• Fairness: Several methods exist to try to identify and quantify bias (even without access to the dataset) but remain limited. For example, a method could be counting biased word associations (man = survival, woman = pretty).
  • Frugality: Some inference measurements can be made to estimate the environmental impact of the model, but they are also limited without access to supplier infrastructures.
Figure 7: Performance of GPT -4 within Truthful QA
Figure 8: Performance of GPT-4 on human examinations

Theoretically, an LLM can be assessed on five of the eight dimensions of a Trustworthy AI defined by Quantmetry. On the dimension of being explainable, the previously mentioned solution of the Chatbot citing its sources responds to this problem, to a certain degree. 

Use case audit

Quantmetry and Capgemini Invent are currently working together to define a framework that enables our clients to audit their AI systems based on LLMs. The primary aim of this audit is to check that the impact of the system on the user is controlled. To do this, a series of tests check compliance with regulations and the customer’s needs. We are currently developing methods for diagnosing the long-term social and environmental impact of their use within a company. Finally, we will create systems that can assess risks and biases, as well as operational, managerial, and feedback processes. The methods used are often inspired by but adapted from, those used to audit the foundation model.  

Figure 9: Three approaches to auditing an LLM

How can Capgemini Invent and Quantmetry help you capitalize on LLMs?

Amidst the media excitement surrounding the widespread adoption of ChatGPT, harnessing the full potential of Generative AI and LLMs while mitigating risks lies at the heart of an increasing number of our clients’ strategic agendas. Our clients must move quickly along a complex and risky path, and the direct connection between the technology and end-users makes any errors immediately visible – with direct impacts on user engagement and brand reputation.  

Drawing upon our experience in facilitating major transformations and our specific expertise in artificial intelligence, our ambition is to support our clients at every stage of their journey, from awareness to development and scalable deployment of measured-value use cases. Beyond our role in defining overall strategy and designing and implementing use cases, we also offer our clients the opportunity to benefit from our expertise in Trustworthy AI. We assist them in understanding, measuring, and mitigating the risks associated with this technology – ensuring safety and compliance with European regulations.  

In this regard, our teams are currently working on specific auditing methods categorized by use cases, drawing inspiration from the academic community’s model of auditing methods. We are committed to advancing concrete solutions in this field.  


Grégoire Martinon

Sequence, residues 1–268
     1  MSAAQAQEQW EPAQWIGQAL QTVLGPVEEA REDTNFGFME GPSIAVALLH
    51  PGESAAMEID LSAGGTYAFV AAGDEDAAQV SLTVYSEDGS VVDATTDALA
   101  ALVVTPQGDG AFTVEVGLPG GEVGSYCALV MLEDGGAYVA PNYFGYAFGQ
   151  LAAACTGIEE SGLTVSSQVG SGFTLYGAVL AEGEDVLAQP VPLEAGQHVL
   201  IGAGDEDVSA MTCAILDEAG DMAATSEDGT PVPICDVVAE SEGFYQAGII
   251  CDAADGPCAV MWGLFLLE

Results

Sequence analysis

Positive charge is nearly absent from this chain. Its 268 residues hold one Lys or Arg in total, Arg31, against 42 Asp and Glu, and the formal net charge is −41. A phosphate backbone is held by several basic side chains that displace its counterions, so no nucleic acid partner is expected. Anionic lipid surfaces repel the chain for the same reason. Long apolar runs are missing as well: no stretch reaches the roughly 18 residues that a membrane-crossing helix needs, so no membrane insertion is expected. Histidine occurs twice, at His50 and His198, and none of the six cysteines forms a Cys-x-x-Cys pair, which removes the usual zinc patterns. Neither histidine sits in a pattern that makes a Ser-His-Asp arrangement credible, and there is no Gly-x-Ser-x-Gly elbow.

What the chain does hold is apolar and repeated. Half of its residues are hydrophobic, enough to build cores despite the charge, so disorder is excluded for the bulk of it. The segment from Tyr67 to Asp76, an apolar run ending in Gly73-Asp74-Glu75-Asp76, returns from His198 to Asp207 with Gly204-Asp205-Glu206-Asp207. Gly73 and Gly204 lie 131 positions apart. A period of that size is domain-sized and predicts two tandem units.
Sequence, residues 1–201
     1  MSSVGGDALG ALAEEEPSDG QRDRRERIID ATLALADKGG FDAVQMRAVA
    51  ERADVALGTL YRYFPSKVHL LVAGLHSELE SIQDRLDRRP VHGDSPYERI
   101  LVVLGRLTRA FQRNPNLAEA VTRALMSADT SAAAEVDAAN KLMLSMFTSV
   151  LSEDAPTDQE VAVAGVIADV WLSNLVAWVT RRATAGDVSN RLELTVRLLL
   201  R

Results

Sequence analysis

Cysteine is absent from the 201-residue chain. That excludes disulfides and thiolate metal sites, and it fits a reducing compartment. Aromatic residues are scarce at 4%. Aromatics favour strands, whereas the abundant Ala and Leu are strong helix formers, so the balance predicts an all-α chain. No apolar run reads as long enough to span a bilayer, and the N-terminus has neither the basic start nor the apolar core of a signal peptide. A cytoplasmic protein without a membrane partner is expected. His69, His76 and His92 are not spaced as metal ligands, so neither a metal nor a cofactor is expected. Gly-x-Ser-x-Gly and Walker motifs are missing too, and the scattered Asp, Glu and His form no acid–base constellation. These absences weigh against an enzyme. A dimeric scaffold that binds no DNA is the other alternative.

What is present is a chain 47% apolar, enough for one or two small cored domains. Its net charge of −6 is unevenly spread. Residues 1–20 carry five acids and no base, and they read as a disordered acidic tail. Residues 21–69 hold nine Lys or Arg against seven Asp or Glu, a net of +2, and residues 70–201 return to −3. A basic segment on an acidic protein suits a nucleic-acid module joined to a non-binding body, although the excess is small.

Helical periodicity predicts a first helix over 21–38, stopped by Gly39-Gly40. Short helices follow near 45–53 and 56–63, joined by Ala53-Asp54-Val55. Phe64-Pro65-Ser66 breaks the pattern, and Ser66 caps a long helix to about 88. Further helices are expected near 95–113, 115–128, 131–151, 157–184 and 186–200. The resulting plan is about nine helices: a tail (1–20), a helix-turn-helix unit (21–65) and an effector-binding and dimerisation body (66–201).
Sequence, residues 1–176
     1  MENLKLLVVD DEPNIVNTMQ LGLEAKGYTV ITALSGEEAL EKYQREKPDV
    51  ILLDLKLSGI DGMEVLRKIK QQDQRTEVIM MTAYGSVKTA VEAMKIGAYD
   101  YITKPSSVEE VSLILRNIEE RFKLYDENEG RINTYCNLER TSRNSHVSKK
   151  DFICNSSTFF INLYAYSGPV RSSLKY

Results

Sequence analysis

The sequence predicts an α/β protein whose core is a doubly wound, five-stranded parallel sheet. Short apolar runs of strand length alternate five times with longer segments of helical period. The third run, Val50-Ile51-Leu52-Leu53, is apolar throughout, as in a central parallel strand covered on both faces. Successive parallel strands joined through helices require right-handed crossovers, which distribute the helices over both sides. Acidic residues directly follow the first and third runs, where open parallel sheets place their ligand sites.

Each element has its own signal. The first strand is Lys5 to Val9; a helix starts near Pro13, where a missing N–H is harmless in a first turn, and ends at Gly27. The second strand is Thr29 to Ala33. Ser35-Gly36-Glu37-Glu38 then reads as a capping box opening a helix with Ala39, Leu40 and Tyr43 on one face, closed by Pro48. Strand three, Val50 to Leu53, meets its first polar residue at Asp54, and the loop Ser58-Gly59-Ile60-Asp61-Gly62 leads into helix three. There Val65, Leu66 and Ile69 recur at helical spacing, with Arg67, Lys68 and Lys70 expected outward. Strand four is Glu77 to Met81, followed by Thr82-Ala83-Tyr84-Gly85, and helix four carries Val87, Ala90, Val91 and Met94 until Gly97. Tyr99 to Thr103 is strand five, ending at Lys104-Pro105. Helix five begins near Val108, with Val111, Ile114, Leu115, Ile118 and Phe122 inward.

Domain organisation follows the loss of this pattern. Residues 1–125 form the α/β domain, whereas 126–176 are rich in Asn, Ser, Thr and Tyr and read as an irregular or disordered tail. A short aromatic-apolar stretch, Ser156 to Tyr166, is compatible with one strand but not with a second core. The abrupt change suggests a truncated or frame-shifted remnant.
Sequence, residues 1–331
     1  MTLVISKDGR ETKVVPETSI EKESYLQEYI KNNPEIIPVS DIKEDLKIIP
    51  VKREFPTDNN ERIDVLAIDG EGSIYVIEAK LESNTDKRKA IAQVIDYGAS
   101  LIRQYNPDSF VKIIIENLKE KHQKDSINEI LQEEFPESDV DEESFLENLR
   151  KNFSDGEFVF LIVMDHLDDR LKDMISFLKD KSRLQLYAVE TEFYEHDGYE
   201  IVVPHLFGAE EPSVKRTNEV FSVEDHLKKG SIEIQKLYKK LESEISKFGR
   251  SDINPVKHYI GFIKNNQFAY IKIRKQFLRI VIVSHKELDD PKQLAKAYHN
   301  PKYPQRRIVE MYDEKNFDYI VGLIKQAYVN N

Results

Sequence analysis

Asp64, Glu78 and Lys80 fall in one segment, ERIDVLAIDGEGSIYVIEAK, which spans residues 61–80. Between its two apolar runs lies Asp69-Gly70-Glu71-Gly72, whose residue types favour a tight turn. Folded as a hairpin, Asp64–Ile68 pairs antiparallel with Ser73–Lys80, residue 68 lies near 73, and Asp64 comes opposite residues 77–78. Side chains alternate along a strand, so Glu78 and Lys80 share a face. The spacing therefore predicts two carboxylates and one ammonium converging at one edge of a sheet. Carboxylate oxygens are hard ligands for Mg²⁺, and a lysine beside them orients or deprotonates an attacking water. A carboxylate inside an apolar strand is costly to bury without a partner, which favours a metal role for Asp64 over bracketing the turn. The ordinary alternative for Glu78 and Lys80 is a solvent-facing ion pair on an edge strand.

Trusted Senior AI Expert at Quantmetry
Grégoire leads Quantmetry’s trustworthy AI expertise. He ensures that missions keep close to the state of the art and directs the scientific orientations on the theme of trustworthy AI. He is the R&D referent for all projects aimed at establishing an AI certification methodology.

Aymen Mejri

Data Scientist at Quantmetry
Holding two master of engineering degrees and a master of science in data science, I have decided to steer my career towards the field of artificial intelligence, specifically towards natural language processing. I am part of the NLP expertise at Quantmetry.

Hadrien Strichard

Data Scientist Intern at Capgemini Invent
Hadrien joined Capgemini Invent for his gap year internship in the “Data Science for Business” master’s program (X – HEC). His taste for literature and language led him to make LLMs the main focus of his internship. More specifically, he wants to help make these AIs more ethical and secure.

Alex Marandon

Vice President & Global Head of generative AI Accelerator, Capgemini Invent
Alex brings over 20 years of experience in the tech and data space, beginning his career as a CTO in startups and later leading data science and engineering in the travel sector. Eight years ago, he joined Capgemini Invent, where he has been at the forefront of driving digital innovation and transformation for his clients. He has a strong track record in designing large-scale data ecosystems, especially within the industrial sector. Currently, as the Global Lead of Capgemini Invent’s generative AI Acceleration Lab, Alex crafts Gen AI go-to-market strategies, develops assets, upskills teams, and assists clients in scaling AI and Gen AI solutions from proof of concept to value generation.

Hao Li

Data Scientist Manager at Capgemini Invent
Hao is Lead Data Scientist, referent on NLP topics and specifically on strategy, acculturation, methodology, business development, R&D and training on the theme of Generative AI. He leads innovation solutions by confronting Generative AI, traditional AI and Data.